Double Durian WhammyPosted: February 4, 2010
One of the great things about living in Malaysia is the great tropical fruits we get. My favourite has to be mangosteens. Juicy and sweet and if the juice of the fruit gets on your white shirt, it leaves a purple stain that’s almost impossible to get out. I always end up a mess whenever I eat them; sticky fingers and juice dribbling down my chin. But it’s always worth it.
My other favourite: fresh tamarind. They’re a bit of an acquired taste but I discovered a palate for them in my childhood.
My family is pretty crazy about durian. I have a cousin who even owns a durian orchard and had sent a driver back to KL with the fruits, from an 8-hour drive away. My aunt used to eat durian for every single meal for days. I’ve seen my dad with bloodied fingers, sucking on the fruit without even realizing he’d hurt himself while trying to open the treacherous casing. Like I said, my family’s pretty crazy about durian.
People tend to either hate them or love them, but I’ve somehow managed to land on neutral ground. I don’t mind the taste but I don’t crave it. I don’t mind the smell but I hate it when my hands smell like those stinkbombs. My mother has recently discovered a fruit seller who would skillfully pry apart those thorny fruits and place their fibrous, sticky yet silky innards into styrofoam boxes for her. She has pretty much overdone the durian purchasing lately because with the toughest part of eating durians out of the way, the family can easily devour durian whenever they feel like it.
I do admit I have a pretty strange addiction to durian flavoured desserts. I love durian gelato and durian ice cream, they’re a great kick when I’m in Melbourne. There are a few types of great durian desserts in KL that are pretty amazing. Durian pancakes, which look like boring little golden squares are actually really think pancake with a whipped cream and durian mash filling. It’s fantastic. I wish I had visuals of this but unfortunately, you’ll just have to use your imagination or Google. Then there’s the chocolate durian cake from Just Heavenly bakery which my good friend Sheena introduced to me one balmy Chinese New Year day. It was so good that I bought a few pieces for my family to try and we’ve been buying them for any visiting relatives or friends, especially if they’re durian addicts. It’s basically two very thin pieces of chocolate sponge cake with a THICK durian mash filling between the layers and thick chocolate ganache coating. It is absolutely sinful but so good.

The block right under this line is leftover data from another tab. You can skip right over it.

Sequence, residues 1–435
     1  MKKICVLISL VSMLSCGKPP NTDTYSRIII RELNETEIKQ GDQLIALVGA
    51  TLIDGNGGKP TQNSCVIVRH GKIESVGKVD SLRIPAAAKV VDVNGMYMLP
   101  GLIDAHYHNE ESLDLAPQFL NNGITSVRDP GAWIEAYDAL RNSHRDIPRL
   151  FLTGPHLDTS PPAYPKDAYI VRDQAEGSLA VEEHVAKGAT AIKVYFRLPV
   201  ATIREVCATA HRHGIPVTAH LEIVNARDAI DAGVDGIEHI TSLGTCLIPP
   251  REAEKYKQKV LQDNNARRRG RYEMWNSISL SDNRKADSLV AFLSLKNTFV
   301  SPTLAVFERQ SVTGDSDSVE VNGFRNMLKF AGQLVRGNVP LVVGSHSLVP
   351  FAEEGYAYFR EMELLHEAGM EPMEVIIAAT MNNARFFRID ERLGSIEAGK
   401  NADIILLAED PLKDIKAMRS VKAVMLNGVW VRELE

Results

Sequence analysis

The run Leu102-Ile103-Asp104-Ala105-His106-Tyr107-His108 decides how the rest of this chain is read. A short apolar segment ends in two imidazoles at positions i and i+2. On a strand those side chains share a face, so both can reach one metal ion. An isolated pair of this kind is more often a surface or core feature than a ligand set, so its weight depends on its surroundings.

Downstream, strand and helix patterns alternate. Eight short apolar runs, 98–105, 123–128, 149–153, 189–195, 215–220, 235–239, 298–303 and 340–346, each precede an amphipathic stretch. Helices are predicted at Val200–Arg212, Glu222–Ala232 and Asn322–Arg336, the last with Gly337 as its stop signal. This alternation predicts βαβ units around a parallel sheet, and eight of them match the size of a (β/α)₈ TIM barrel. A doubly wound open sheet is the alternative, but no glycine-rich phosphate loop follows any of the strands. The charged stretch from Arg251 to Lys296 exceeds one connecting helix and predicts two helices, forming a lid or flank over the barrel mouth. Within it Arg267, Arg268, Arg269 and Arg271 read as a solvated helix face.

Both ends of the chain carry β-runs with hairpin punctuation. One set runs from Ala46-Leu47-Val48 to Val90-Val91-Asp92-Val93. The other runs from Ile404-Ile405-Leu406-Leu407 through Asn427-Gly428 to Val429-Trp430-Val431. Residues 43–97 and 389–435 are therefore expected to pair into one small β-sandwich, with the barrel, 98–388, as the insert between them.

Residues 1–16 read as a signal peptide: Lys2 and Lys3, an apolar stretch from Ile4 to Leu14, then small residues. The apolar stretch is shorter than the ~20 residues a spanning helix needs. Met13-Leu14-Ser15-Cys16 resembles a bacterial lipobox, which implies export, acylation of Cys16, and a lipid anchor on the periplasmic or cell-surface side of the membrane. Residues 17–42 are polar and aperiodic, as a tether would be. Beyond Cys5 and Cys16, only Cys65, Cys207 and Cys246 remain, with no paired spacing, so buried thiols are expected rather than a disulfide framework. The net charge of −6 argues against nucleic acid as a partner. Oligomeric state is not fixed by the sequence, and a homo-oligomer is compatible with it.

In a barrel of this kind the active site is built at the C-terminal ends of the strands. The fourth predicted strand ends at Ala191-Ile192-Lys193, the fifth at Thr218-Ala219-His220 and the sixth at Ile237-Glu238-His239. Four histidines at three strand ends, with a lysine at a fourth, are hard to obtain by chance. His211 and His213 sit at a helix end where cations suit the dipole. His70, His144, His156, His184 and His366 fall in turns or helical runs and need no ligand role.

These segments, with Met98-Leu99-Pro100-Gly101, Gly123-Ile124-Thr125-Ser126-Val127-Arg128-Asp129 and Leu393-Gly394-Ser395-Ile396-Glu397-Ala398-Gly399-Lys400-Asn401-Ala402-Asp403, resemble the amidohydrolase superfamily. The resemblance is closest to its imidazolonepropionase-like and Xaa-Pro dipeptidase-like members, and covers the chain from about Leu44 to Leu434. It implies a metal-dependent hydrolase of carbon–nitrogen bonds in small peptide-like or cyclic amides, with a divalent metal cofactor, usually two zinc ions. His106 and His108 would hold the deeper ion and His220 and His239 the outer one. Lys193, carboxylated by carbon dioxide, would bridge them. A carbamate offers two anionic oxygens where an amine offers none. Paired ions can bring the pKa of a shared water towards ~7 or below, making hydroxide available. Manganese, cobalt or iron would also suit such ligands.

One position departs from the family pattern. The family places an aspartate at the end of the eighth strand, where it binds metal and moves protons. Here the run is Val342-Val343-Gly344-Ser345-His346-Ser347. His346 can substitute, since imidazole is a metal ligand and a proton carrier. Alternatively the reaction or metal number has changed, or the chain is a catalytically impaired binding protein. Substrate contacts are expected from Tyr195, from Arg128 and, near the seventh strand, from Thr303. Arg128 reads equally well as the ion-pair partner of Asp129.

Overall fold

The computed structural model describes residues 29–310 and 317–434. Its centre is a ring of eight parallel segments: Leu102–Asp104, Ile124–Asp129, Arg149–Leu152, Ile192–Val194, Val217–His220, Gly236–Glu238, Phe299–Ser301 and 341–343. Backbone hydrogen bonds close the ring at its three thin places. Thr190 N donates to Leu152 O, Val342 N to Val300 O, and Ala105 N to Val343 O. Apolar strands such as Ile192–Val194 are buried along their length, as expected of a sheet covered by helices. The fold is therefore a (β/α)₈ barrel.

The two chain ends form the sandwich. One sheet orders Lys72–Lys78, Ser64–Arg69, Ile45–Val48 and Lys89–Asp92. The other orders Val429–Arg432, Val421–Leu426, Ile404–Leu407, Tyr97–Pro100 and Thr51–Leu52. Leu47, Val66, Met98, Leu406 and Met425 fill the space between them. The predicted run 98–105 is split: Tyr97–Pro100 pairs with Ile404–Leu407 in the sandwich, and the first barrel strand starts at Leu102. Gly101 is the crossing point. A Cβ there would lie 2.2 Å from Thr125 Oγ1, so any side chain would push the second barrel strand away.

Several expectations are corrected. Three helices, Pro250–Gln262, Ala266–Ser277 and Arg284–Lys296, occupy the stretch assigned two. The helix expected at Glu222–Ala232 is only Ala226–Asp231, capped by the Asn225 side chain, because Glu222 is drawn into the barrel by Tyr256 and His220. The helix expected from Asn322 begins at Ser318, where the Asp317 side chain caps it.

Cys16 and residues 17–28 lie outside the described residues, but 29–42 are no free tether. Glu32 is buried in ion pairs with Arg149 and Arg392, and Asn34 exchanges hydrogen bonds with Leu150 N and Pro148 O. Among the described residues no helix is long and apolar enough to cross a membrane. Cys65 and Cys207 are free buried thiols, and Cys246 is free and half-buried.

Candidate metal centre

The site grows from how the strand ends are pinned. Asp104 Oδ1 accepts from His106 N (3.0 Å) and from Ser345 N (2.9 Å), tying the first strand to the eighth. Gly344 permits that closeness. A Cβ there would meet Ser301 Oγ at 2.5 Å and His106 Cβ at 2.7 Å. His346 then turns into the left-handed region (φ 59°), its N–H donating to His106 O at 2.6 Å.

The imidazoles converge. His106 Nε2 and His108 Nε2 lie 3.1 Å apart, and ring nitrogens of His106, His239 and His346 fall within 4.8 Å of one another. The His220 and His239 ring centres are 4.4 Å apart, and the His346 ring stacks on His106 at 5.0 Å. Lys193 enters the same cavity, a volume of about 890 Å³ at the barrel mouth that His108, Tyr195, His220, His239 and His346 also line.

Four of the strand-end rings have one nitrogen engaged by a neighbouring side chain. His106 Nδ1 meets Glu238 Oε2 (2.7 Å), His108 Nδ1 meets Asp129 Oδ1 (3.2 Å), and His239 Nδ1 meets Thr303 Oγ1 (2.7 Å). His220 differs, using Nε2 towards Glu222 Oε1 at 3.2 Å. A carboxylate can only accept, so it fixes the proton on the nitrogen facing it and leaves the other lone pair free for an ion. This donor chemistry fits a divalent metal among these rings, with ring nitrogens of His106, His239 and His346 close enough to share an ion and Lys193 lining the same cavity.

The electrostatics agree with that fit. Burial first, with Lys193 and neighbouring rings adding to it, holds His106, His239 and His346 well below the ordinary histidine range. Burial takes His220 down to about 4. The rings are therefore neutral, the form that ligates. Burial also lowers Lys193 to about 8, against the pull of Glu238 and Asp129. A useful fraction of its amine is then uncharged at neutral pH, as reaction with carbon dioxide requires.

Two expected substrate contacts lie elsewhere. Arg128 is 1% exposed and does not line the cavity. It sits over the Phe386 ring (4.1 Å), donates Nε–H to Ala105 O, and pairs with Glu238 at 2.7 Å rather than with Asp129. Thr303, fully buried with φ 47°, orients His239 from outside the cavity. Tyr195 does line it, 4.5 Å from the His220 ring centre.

So with all the durian craziness in my family, I discovered a gorgeous little durian cake recipe in one of my mum’s really old recipe books by Ellice Handy. We have the Second Edition, which was published in 1960 so yes, it’s really old. The first time I made the cake, I was surprised by how fluffy and light it was.
Durian cake, the first time I made it.
Then I got thinking about how it’d be amazing to create a durian buttercream but I wondered how it’d work because the durian is a very fibrous fruit and even though I’d mash those suckers to death, there’d always be some stubborn stringy fibers left behind.
Durian cupcake with durian buttercream.
I made some durian cupcakes but with a extra durian mash than asked for (I wanted it to be potent!) and then I mashed some more durian for the buttercream. As expected, it was slightly fibrous. I add a tablespoon of hot water and continued mashing and the fibers seemed to dissolve a little. I continued adding hot water until I got the consistency I wanted and it was actually really smooth! Unfortunately, after whipping up a batch of French buttercream and adding the durian to it, I got a watery mess. The cream was so thin it would just leak out of a piping bag before I got the chance to pipe them! Panicked, I frantically searched eGullet for an answer to thicken French buttercream up to salvage about 230g of fresh durian. Thankfully, the suggestion to add unsalted butter until the buttercream firmed up was not a dud.
The buttercream was still a pretty horrific nightmare to pipe, though. There was still a tiny bit of fibers from the durian mash in the buttercream and it’d get caught on the smaller piping tips so I was only able to use the open star tip. Even in this instance, the fibers would get caught on the teeth of the tip and would disrupt the even flow of the buttercream and thus create a lopsided star. Sigh!
The super soft and fluffy cake with the overloaded-on-butter buttercream.
It was a massive hit with my family. My dad said it was even better than the Just Heavenly chocolate durian cakes because he always found them too rich and sweet for his liking whereas this was an intense, pure durian flavour. That’s pretty amazing coming from my dad because he’s easily one of the fussiest and harshest critics I know. Everyone I handed them out to commented on how intense the flavour was, which I took as a compliment because, well, intense durian flavour in cakes are hard to come by.
I’d say this was a moderately successful attempt at experimenting with durian and creating my own buttercream recipe from an idea. It’s always fun to see my crazy ideas come to fruition and ironing out the bumps that pop up. I find this method to be a better learning process than just following and executing the same old recipes, although my mother would tsk at such a statement especially in regards to baking recipes where slight deviations can wreck an entire recipe.
But hey, where’s the sense of adventure in that kind of thinking?
(Special thanks to Tina for once again helping me with the awful lighting in my photos and making them pretty for me!)